Opening act shows some flaws
Eagles’ win is far from perfect
The day was filled with emotion.
For linebacker Mark Herzlich, making his well-documented comeback from a battle with cancer, it marked the first time in 87 weeks he had played a football game for Boston College.
For 26-year-old sophomore Dave Shinskie, it was the start of what he hopes will be a growth year as a college quarterback.
For second-year coach Frank Spaziani, it was another milepost for a program that still has several hurdles to clear before it reaches the level Spaziani desires.
All of this on a sunny afternoon at Alumni Stadium, before 34,168 who came to watch the Eagles open their season against Weber State, a Championship Subdivision school taking a rare dive into Bowl Subdivision waters.
The outcome — a 38-20 BC victory — was predictable. BC is bigger, better, and faster than Weber State, which is ranked 18th in the FCS but clearly was outclassed by the Eagles, who expect to be contenders in the Atlantic Coast Conference.
In some ways, it was perfect for the Eagles, who got the victory but showed enough flaws to give Spaziani and his staff plenty of topics as the Eagles prepare for Kent State next Saturday.
Take Shinskie, who emerged as the starter ahead of fellow sophomore Mike Marscovetra more because of his experience last season than anything he showed in camp.
Ostensibly, Shinskie’s nerves should have been fine — lower-division opponent, home game, friendly crowd. You could hardly tell from the opening series, which started with a delay of game penalty, Shinskie mistakenly lining up behind right guard Thomas Claiborne, and then having his first pass intercepted, which put BC in a 3-0 hole just 1:45 in.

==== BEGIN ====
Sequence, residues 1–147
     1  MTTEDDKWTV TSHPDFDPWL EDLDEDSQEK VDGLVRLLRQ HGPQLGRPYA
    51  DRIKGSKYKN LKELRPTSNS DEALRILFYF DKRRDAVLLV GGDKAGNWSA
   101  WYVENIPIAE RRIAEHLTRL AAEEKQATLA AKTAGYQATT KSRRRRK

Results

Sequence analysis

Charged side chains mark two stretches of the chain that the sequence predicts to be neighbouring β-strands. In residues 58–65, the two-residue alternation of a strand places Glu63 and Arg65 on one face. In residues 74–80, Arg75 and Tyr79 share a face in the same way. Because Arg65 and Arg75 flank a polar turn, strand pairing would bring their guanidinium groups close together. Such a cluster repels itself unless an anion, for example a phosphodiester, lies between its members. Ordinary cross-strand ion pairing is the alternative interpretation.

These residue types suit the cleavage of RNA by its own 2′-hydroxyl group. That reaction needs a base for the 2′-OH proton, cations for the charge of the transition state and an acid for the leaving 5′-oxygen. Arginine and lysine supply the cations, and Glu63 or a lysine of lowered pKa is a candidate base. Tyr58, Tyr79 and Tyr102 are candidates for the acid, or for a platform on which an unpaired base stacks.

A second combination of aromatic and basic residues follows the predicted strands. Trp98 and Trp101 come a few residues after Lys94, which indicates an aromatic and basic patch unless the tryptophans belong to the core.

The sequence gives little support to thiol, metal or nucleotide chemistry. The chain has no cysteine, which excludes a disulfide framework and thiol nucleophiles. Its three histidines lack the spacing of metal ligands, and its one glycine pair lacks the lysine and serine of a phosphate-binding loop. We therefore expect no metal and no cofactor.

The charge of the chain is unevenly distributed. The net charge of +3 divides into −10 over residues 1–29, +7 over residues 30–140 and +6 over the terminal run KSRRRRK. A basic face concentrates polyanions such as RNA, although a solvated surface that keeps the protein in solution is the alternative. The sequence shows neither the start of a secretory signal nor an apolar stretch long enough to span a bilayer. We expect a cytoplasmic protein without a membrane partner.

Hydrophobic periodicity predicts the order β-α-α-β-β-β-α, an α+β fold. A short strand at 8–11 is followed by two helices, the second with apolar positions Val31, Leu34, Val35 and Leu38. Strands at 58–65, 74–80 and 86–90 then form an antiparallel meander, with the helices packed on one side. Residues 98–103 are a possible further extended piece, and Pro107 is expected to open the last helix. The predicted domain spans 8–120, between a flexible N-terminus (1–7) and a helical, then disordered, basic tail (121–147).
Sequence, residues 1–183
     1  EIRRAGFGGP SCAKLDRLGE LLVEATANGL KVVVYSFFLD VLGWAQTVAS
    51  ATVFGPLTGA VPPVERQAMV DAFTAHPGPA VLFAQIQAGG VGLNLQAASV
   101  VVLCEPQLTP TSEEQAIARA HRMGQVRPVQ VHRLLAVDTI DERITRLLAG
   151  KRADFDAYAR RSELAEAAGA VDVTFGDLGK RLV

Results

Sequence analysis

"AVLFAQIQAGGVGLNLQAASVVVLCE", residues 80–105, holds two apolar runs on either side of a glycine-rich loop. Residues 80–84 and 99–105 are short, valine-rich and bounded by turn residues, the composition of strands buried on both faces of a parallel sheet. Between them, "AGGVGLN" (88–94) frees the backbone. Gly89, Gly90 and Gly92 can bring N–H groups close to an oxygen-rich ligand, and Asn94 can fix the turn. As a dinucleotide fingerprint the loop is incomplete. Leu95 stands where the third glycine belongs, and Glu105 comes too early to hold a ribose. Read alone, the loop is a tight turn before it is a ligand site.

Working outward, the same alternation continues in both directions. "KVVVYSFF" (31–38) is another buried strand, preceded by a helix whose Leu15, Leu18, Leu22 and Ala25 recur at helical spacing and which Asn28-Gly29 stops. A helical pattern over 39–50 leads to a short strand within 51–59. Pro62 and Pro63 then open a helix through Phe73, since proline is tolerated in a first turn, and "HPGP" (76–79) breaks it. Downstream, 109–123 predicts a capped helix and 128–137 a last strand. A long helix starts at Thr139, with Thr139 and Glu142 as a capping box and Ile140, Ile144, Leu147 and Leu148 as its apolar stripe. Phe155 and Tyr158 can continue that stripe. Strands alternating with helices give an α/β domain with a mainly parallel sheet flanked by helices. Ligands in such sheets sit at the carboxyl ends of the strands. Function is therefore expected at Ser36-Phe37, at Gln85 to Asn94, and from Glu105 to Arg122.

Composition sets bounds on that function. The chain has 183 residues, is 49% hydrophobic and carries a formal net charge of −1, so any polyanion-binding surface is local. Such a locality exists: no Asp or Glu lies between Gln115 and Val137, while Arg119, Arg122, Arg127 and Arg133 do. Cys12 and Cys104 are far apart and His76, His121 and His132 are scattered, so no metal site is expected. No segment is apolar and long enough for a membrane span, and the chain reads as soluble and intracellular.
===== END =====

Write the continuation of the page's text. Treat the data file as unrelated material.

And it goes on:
“There were a lot of emotions going through my head,’’ said Shinskie.
Thankfully for Shinskie, he responded with two touchdown passes and a respectable 10-of-20 afternoon for 185 yards. The Eagles built a 31-10 halftime lead, which allowed them to survive some defensive lapses in the second half.
Spaziani could only shake his head while watching the opening offensive series.
“Settled down is a nice way to put it,’’ he said.
BC ran only six plays in the third quarter (gaining 18 yards) and yet increased its lead, courtesy of a 66-yard interception return for a touchdown by cornerback DeLeon Gause.
Shinskie was intercepted in the end zone on BC’s first possession of the fourth quarter, but by then enough positives had emerged. There was a solid start by junior running back Montel Harris (19 carries, 115 yards, 1 TD) and some strong play by the receivers. Redshirt freshman Johnathan Coleman had three catches for 98 yards, including a spectacular 38-yard grab that set up BC’s second TD, and Ifeanyi Momah had a 17-yard TD reception.
“We accomplished what we set out to do and got the first win,’’ said Spaziani. “Obviously, though, there were a lot of mistakes. We were very concerned about our defensive line and our pass rush going in. I didn’t see anything to dispel that concern coming out.’’
But there was reason for hope. For Herzlich, who can now presumably focus on football as much as his health, it was a monumental step forward.
“We’re going to have to take bigger steps in the right direction as we go on,’’ said Herzlich, who showed some rust but also some flashes with five tackles.
Spaziani hopes he will see improvement next week against Kent State, and certainly in two weeks against Virginia Tech. For now, he will take what he can get and enjoy it.
“We need a lot of work,’’ he said, “but it was a good way to start and something to build on that we can go forward.’’
Mark Blaudschun can be reached at firstname.lastname@example.org.